Last Updated on November 30, 2022 by Prepbytes

In this article, we will discuss one of the famous questions of linked lists “Point arbit pointer to greatest value right-side node in a linked list”. Having practice questions like “Point arbit pointer to greatest value right-side node in a linked list” will make your data structures like linked list strong. Now let’s go to our topic “Point arbit pointer to greatest value right-side node in a linked list” to understand it in detail.

## How to point arbit pointer to greatest value right-side node in a linked list

Given a linked list in which each node will have an extra arbitrary pointer pointing to NULL initially. We need to make that arbitrary pointer point to the greatest valued node on the right side of that node.

The problem statement is quite straightforward; we will be given a singly linked list in which, apart from the next pointer, we will also have an arbit pointer which will be NULL initially, and we need to make that arbit pointer point to the greatest value in the right part of the list.

Let’s try to understand the problem with the help of examples.

Let the input given to us be:

- For each node, we need to find the biggest valued node in its right and attach its arbit pointer to the biggest node.
- For nodes ‘7’ and ‘2’, the biggest value in their right is node ‘12’ so, we will make the arbit pointer of both the nodes point to node with value ‘12’.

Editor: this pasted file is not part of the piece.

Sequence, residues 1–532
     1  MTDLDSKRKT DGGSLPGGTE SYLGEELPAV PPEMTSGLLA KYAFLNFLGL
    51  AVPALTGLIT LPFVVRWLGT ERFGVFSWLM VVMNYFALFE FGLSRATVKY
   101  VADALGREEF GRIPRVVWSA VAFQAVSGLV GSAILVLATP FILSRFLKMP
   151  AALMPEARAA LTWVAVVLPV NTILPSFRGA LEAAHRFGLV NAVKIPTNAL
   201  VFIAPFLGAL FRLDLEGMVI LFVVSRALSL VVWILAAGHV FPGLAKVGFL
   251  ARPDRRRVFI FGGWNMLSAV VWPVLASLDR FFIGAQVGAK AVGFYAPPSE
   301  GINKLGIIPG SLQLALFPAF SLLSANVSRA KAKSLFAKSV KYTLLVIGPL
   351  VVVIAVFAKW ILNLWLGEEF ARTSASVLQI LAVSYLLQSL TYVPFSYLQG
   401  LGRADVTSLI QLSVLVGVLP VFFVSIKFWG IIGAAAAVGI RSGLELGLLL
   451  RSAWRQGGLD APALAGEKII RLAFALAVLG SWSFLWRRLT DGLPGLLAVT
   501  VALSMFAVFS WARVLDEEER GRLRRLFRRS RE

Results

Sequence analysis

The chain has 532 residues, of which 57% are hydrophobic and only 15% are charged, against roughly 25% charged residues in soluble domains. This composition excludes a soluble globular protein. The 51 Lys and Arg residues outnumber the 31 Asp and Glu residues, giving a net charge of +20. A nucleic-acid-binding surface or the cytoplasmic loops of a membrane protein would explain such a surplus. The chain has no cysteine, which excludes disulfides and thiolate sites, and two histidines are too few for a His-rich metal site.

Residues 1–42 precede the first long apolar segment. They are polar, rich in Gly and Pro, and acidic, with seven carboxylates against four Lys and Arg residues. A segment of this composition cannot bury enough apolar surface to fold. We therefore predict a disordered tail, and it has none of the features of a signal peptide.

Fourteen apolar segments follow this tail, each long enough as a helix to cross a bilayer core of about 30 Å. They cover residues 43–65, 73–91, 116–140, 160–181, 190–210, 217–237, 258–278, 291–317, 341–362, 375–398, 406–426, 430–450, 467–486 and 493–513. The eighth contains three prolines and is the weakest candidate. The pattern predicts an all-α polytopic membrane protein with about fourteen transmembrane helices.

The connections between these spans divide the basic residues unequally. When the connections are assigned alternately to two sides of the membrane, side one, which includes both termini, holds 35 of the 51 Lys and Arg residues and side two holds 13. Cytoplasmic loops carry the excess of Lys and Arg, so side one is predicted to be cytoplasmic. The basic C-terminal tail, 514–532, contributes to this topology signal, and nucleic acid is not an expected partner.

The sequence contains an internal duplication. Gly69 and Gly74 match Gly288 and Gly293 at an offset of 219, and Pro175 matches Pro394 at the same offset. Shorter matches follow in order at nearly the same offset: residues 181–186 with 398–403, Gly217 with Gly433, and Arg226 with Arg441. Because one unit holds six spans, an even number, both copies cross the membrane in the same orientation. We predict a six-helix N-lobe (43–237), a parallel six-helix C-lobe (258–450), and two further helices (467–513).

- Similarly, for nodes ‘12’ and ‘1’, the biggest value in their right is node ‘8’ so, we will make the arbit pointer of both the nodes point to node with value ‘8’.
- And for node ‘8’, there is no node on its right side. So, its arbit pointer remains NULL.

So, the output will be:

Taking another example, if the given linked list is:

- Now, in this case, for ‘5’ the biggest valued node on the right side of ‘5’ is the node with value ‘9’, so we will make arbit pointer of node ‘5’ point to node with value ‘9’.
- Similarly, for each node, we will make their arbit pointer point to the greatest valued node on their right side. Arbit of ‘9’ will point to ‘8’, arbit of ‘7’ will point to ‘8’, arbit of ‘8’ wil point to ‘6’ and arbit of ‘6’ will point to NULL as there are no nodes on right size of the node with value ‘6’.

So, our output will be:

Now, I think from the above examples, the problem statement is clear. Let’s see how we can approach it.

Before moving to the approach section, try to think about how you can approach this problem.